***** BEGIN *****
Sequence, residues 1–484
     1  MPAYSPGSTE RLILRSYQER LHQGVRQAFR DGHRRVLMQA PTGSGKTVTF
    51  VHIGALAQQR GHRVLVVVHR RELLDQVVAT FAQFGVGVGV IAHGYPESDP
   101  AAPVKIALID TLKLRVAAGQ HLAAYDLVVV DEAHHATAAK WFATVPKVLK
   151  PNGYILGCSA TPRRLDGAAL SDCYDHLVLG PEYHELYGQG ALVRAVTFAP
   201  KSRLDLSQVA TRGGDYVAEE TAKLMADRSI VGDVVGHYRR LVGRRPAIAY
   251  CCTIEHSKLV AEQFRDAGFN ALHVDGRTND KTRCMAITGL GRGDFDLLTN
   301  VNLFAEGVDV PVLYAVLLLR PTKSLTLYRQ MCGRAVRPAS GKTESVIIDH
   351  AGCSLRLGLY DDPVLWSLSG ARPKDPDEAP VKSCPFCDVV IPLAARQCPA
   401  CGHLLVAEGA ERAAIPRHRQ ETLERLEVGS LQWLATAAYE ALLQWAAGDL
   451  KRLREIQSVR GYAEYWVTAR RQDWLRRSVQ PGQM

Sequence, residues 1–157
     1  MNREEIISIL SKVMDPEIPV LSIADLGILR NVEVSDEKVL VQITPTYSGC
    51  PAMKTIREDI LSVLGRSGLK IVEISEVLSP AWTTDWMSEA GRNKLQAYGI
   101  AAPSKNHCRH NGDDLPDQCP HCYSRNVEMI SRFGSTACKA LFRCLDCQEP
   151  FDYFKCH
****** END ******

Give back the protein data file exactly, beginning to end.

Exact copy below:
Sequence, residues 1–484
     1  MPAYSPGSTE RLILRSYQER LHQGVRQAFR DGHRRVLMQA PTGSGKTVTF
    51  VHIGALAQQR GHRVLVVVHR RELLDQVVAT FAQFGVGVGV IAHGYPESDP
   101  AAPVKIALID TLKLRVAAGQ HLAAYDLVVV DEAHHATAAK WFATVPKVLK
   151  PNGYILGCSA TPRRLDGAAL SDCYDHLVLG PEYHELYGQG ALVRAVTFAP
   201  KSRLDLSQVA TRGGDYVAEE TAKLMADRSI VGDVVGHYRR LVGRRPAIAY
   251  CCTIEHSKLV AEQFRDAGFN ALHVDGRTND KTRCMAITGL GRGDFDLLTN
   301  VNLFAEGVDV PVLYAVLLLR PTKSLTLYRQ MCGRAVRPAS GKTESVIIDH
   351  AGCSLRLGLY DDPVLWSLSG ARPKDPDEAP VKSCPFCDVV IPLAARQCPA
   401  CGHLLVAEGA ERAAIPRHRQ ETLERLEVGS LQWLATAAYE ALLQWAAGDL
   451  KRLREIQSVR GYAEYWVTAR RQDWLRRSVQ PGQM

Sequence, residues 1–157
     1  MNREEIISIL SKVMDPEIPV LSIADLGILR NVEVSDEKVL VQITPTYSGC
    51  PAMKTIREDI LSVLGRSGLK IVEISEVLSP AWTTDWMSEA GRNKLQAYGI
   101  AAPSKNHCRH NGDDLPDQCP HCYSRNVEMI SRFGSTACKA LFRCLDCQEP
   151  FDYFKCH